793.04 Enormous amounts of water are continuously being elevated through the one-way, antigravity valving system. The tree feeds the rain-forming atmosphere by leaking atomized water out through its leaves while at the same time sucking in fresh water through its roots. The tree's high-tensile fiber cell sacs are everywhere full of liquid. Liquids are noncompressible; they distribute their local stress loadings evenly in all directions to all the fiber cell sacs. The hydraulic compression function firmly fills out the predesigned overall high-tensile fiber shaping of the tree. In between the liquid molecules nature inserts tiny gaseous molecules that are highly compressible and absorb the tree's high-shock loadings, such as from the gusts of hurricanes. The branches can wave wildly, but they rarely break off unless they are dehydratively dying^{__}which means they are losing the integrity of their hydraulic, noncompressible load-distribution system. Sometimes in an ice storm the tree freezes so that the liquids cannot distribute their loads; then the branches break off and fall to the ground. |
793.05 In trees the liquids distribute the loads and the gases absorb the shocks in an overall high-tension crystalline fiber network predesigned by the DNA-RNA programming. The system transmits its hydraulic load-distribution impulses through each liquid-filled cell's contacts with adjacent liquid-loaded sacs. Starting with one tetrahedral bud "shoot," the tree grows as a series of concentric tetrahedral cones. Revolved tetrahedra generate cones. The constant reorienting of the direction from which the Sun radiation is coming, the frequent shift in the wind direction, and the consequent drag forces on the tetra-tree produce a conic revolution effect on the tree growth. Each year a new cambium layer cone grows over the entire outside of the previous year's tetra-cone. Each branch of the tree also starts as a tetrahedral shoulder cone sprouting out of the main tree cone. |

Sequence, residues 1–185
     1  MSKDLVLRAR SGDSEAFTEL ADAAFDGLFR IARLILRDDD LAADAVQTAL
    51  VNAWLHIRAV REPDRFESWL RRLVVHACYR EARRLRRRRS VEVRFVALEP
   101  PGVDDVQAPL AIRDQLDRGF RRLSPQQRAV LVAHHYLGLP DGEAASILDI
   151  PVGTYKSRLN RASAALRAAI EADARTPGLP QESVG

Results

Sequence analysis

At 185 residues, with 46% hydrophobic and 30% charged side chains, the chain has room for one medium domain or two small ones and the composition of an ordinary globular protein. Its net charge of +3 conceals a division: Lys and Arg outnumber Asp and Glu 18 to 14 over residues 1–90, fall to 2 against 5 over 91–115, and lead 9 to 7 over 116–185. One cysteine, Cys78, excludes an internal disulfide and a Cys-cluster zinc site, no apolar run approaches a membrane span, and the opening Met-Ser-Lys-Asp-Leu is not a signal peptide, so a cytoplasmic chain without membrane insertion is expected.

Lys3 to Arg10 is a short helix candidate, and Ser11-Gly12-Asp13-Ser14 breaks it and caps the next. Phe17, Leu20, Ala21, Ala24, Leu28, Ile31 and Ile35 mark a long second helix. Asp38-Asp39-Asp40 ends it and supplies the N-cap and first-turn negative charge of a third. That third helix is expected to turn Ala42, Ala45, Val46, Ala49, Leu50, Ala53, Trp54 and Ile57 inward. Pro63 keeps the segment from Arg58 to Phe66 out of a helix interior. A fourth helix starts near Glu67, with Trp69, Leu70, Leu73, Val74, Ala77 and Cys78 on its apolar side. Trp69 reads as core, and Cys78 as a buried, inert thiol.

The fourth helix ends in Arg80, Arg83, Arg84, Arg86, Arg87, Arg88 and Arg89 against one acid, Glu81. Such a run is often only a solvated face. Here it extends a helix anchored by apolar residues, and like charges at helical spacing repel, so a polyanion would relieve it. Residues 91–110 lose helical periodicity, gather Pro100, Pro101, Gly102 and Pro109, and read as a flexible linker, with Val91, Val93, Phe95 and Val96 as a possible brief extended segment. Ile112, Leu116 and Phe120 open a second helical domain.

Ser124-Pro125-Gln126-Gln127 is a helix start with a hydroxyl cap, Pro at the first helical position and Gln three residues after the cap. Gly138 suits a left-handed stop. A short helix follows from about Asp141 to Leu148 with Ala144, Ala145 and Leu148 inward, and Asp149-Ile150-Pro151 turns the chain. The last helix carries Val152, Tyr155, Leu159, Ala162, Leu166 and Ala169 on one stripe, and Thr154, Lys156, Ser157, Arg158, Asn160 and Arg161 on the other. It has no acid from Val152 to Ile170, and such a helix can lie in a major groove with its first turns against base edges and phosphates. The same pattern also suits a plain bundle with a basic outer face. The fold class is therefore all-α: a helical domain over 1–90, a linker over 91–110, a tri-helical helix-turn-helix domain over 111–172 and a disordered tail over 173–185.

793.06 This high-tension sac's web design with its hydraulic compression coping and pneumatic shock absorbing is much the same structural system nature employs in the design of human beings. To be sure, with humans the liquid does not freeze under normal environmental conditions; nature creates a good-health temperature control of 98.6 degrees F. for all its humans. Instead of the larger tetra cone form, over which the tree builds from the roots outward into its successive live layers, nature introduced in the mobile mammals the skeleton around which all their hydraulically actuated muscles and cushioning cells are grown in crystalline patterns as scheduled by the DNA-RNA program and as thereafter automated by genetic coding. |